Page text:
It's time that we started talking rubbish

South Wales Evening Post - 25 February 2014

Whether it's through choice or necessity, we've all become a bit more aware of the environment over the years.

But for many people, including me, the means and motives involved in saving the planet sometimes feel a bit mixed up.

Around 58 per cent of people taking part in a Mori social attitudes survey agreed with the statement that "we are heading for an environmental disaster unless we change our habits quickly".

But it was the economy, immigration and unemployment that topped the list when the same people had earlier been asked to prioritise a list of 'the big issues' facing society today.

This apparent contradiction doesn't mean all the efforts to raise environmental awareness have gone to waste, so to speak.

It's just that human nature requires that the stick outweighs the carrot in terms of incentives.

And no more so than when it comes to the amount of stuff we throw away.

If you think this is a slightly cynical viewpoint then I present as my first exhibit the chap I spotted outside a local supermarket.

He showed no qualms about clearing the stuff left in his trolley by a previous customer and dumping it on to the floor instead of the nearby bin. Yet in his other hand he held a reusable carrier bag.

That recent memory resurfaced as I sifted through a sizeable pile of junk mail that landed on the doormat last week.

Ironically, among the offers of a new boiler and cut-price pizza was the warning that a new three black bag limit for refuse collections in Swansea will go into effect come April.

Wasted effort? More than enforcement is needed.

Like me, you're probably unimpressed by this proposed arrangement, especially when council tax is also going up.

But I also know that the economics of waste can be the stuff of nightmares.

Welsh government recycling targets, which affect all local authorities, are steadily rising.

The recovery target last year was at least 52 per cent. It is set to increase each year and reach 70 per cent by 2025.

There is a cash penalty per tonne for going over the limit.

This is in addition to a UK tariff for burying residual waste — what gets left over after recycling – known as Landfill Tax.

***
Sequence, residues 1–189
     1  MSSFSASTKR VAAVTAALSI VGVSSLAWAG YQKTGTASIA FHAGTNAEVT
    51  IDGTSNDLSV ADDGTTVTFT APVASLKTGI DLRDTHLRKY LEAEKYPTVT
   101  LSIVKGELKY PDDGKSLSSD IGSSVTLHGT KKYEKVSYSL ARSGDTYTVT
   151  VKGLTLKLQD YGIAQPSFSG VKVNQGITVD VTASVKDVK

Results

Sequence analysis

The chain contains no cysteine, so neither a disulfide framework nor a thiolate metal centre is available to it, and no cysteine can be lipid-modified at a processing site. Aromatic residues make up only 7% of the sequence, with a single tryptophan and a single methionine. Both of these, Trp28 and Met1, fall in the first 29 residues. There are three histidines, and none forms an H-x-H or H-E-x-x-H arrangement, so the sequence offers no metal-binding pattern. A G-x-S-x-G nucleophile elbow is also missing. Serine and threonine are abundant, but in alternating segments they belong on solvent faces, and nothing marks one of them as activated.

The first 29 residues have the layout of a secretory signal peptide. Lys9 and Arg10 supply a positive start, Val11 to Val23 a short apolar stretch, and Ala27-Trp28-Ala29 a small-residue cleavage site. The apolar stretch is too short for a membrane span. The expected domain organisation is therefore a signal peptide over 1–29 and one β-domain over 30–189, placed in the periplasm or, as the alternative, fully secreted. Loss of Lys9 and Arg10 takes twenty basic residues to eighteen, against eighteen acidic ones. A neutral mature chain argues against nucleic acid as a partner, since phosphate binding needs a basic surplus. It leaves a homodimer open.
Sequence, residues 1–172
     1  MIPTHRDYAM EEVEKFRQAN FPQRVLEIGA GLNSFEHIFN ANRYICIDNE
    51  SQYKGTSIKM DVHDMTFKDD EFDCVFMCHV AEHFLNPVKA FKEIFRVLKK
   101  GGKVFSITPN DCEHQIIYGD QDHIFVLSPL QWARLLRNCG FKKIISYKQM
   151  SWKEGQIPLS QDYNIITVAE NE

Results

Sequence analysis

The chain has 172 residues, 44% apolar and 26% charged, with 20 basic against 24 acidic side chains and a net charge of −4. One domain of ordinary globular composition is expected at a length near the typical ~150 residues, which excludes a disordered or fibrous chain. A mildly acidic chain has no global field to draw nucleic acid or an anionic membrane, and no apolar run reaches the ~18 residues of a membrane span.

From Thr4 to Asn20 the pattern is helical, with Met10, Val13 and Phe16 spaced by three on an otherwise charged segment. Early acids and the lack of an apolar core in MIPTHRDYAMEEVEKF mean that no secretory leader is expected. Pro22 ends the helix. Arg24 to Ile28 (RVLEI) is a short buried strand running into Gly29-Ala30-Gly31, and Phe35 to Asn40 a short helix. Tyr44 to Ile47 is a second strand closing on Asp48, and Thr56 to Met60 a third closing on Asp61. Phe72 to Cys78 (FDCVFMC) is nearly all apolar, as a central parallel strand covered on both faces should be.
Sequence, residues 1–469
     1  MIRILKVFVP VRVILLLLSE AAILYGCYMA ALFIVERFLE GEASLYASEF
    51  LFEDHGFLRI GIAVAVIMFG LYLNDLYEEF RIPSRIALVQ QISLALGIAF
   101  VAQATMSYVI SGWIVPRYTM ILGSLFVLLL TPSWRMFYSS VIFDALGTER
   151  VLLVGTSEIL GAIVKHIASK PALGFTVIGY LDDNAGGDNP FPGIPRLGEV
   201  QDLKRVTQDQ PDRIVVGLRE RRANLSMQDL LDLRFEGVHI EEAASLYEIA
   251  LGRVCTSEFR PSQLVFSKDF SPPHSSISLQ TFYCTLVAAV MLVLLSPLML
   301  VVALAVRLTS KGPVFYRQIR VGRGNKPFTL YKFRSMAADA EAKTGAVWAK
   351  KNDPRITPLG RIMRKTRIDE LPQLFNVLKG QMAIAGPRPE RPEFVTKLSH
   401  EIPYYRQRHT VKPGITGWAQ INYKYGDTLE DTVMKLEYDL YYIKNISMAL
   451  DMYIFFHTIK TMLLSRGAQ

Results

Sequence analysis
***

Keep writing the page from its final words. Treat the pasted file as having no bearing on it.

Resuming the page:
So the inconvenient truth, as someone once said, is that the driving force behind a local eagerness to minimise waste is mostly about the money.

That's all well and good, but I think local authorities could be doing things a bit smarter.

To my knowledge, talks have been going on in South West Wales for at least a decade about a regional plan for waste disposal. Everyone agrees that this will bring welcome economies of scale. The sticking points however are over the most effective disposal method and where the main facility should be sited.

There's a long-standing relationship between municipal muck & brass and we are losing out on the commercial benefits of large scale procurement deals. Continuing deadlock has already prompted a few councils to do their own thing contractually. Some are even looking to ship residual waste to mainland Europe for incineration.

As much as I favour local decision-making in most things, I really do think it's time for the Welsh Government to intervene in this instance. Otherwise we won't see any progress until way past the other side of local government reorganisation.

It has taken less than a generation for recycling to become a recognisable part of our lives. The habit of minimising waste makes sense, whatever the motivation.

What would be wrong though is for households and businesses to continue to shoulder the burden alone. Local authorities cannot rely entirely on the heavy hand of enforcement.

If they do, they risk undoing much of the progress that has been made.